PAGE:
A Climate Motherhood Manifesto

Happy Mother’s Day, CoolMoms! May your little/big ones treat you well today!

Mother’s Day is a great time to reflect on the role of women, especially us moms, in the fight against climate change; I believe bringing our mom voices together, persistently and loudly, may be the most important tool for moving climate progress forward. Why?

  • Women are better than men! When it comes to concern about global warming and supporting action to address it, poll after poll finds women consistently out ahead of men. A 2015 Pew study found women in the U.S. much more likely–17 percentage points!–than men to agree that "global climate change is a serious problem." While women outpaced men in most developed countries surveyed, in no other country was the gap between women and men as great as in the U.S. (I could make a snarky comment here about US men being a bit thick, but I’ll just say our climate really needs our feminine voices!)
    Similarly, recent Washington state polls found women 10 points or more ahead of men in their support for a variety of robust climate actions (e.g., support for wind and solar; protecting forests, etc.). Perhaps best of all, women are far less likely to swallow Big Oil’s misleading messages about sensible climate action. We gals clearly need to lead!
  • Moms rock moral authority! We moms have some serious moral authority regarding the future of the planet, and we need to start throwing it around more.  As in, “Hey elected officials/community leaders! Don’t make me come in there and make you do the right thing!”

With this in mind, my motherly comrades, I present to you:

The Climate and Motherhood Manifesto

Mothers are willing to do a LOT for our kids, to keep them healthy and safe and to give them the best chance for a happy and successful adulthood. It’s what we do every day. Therefore, let it be known that: 

I, Jane CoolMom (name), of Seattle, WA (city), did NOT endure (check all that apply):

□ Morning sickness
□ Those ___ hours of labor
□ The emergency C-section
□ Seemingly never-ending colic
□ Those ___ trips to the ER
□ Agonizing over whether to “Ferberize” or not
□ ___ Hours processing the trauma of Nemo’s mom’s death with my child
□ Reading that same board book over and over and over…
□ Lugging that car seat around when my kid was 20 lbs. but not walking
□; Those endless diapers/spit up/sleepless nights
□ Not being able to go to the bathroom alone for years
□ The Terrible Twos
□ Teenagerhood!
□ Other ____________________________________

…ONLY to stand by now and let global warming destroy my kids’, or any other kids’, $!%@#[email protected]# future! I therefore insist that you, my elected official, commit to the strongest possible climate action now.

Yours very truly,

_______________(your name)

Just in case the manifesto reader doesn’t think I’m serious, I’d add some strong motherly statement at the end, like…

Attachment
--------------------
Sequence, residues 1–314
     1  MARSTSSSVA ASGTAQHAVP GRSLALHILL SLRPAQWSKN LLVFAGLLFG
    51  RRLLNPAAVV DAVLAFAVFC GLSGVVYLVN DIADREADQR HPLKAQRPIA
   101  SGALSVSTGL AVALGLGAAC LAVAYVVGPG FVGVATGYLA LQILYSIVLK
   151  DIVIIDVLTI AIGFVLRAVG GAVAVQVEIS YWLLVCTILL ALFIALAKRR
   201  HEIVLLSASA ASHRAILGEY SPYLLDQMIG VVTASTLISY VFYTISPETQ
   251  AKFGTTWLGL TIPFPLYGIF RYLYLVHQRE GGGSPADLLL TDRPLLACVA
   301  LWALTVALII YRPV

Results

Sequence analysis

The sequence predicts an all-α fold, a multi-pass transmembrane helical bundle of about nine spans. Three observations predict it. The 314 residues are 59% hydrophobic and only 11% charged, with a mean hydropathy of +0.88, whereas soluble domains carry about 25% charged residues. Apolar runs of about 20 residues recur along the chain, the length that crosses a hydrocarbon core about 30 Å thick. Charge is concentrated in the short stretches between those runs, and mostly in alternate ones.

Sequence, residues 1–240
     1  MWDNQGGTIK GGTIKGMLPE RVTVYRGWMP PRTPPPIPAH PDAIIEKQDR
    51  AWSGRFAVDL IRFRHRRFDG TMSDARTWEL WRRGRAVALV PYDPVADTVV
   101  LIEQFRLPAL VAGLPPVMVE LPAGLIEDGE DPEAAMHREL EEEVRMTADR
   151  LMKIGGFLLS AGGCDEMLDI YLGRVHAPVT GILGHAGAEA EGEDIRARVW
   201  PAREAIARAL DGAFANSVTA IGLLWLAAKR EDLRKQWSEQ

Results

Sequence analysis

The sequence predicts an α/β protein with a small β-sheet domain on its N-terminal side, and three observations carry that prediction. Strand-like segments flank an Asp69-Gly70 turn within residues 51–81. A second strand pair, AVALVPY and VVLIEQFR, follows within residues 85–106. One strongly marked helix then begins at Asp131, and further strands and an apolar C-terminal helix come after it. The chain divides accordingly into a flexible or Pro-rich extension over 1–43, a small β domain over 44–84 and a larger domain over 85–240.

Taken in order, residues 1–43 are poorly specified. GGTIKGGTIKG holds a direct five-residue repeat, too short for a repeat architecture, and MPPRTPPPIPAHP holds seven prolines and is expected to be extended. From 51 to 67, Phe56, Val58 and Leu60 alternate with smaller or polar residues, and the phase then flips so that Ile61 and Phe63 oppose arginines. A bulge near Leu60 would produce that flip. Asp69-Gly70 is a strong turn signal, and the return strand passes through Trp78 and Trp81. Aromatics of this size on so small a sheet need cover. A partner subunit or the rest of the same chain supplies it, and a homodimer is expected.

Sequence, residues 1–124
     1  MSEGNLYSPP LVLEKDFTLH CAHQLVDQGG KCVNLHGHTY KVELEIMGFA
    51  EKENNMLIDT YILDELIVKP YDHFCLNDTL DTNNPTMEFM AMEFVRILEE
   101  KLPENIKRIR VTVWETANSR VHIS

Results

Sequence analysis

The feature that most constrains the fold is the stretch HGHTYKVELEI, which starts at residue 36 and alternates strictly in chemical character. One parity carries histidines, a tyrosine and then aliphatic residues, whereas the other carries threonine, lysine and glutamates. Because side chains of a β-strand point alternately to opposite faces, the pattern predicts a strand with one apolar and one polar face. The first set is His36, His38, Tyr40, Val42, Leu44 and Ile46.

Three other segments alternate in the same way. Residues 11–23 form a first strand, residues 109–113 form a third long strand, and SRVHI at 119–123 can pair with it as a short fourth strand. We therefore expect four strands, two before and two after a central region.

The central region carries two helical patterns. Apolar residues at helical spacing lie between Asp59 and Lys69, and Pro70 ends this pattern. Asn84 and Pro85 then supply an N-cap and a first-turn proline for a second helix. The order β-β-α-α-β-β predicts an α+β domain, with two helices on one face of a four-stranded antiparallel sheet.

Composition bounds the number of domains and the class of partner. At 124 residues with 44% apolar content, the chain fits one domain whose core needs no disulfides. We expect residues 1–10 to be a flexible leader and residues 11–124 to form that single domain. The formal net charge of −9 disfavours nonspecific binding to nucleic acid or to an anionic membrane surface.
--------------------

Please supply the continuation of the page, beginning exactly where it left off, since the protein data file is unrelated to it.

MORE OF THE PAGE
• Don’t make me come down there and force you to act boldly on climate.
  • I am a climate mom and I vote.
  • My friends and I are mother bears and we will fiercely protect all kids’ healthy future.
  • My kids’ world is NOT going to hell in a handbasket on my watch.
  • Fossil fuels are anti-motherhood.
  • If you don’t act to fight climate change, what do you want me to say to my kids? “Sorry for the unlivable climate, kids, but some people don’t like to pay for new programs and it might have been politically difficult/inconvenient/time-consuming to have saved the planet for you.” Not happening.

What do you think of my Climate and Motherhood Manifesto, gals? What would you add or change? Will you sign? Please send me your thoughts at [email protected]. I’d love to hear what you have to say.

This article was co-publlished with CoolMom.org.

Kathy Washienko's picture
, Climate Solutions

Kathy earned a BA at Harvard College and an MPH at the University of Michigan, before working as a public health researcher in HIV prevention at the University of Washington. While she's had a longtime commitment to ecological stewardship, she kicked her engagement up several notches after seeing "An Inconvenient Truth." As a Senior Partner for Climate Strategies with DC-based consultancy Breakthrough Strategies and Solutions, she spearheaded an effort to create effective, research-based climate messaging materials (climatenarrative.org) and helped organize political donors to call for bolder national climate leadership.  She's been a longtime member of the National Advisory Board of the Union of Concerned Scientists, is on the Board of Washington Women for Climate Action Now, served on Seattle’s Green Ribbon Commission, and is a member of Element 8, a clean-tech angel investor group. She co-founded two local "green teams" and personally gathered over 500 signatures to qualify Washington state’s clean energy initiative for the ballot.   She is raising two teenage daughters and, while she'd be doing this work with or without kids, she feels especially committed to it because of them.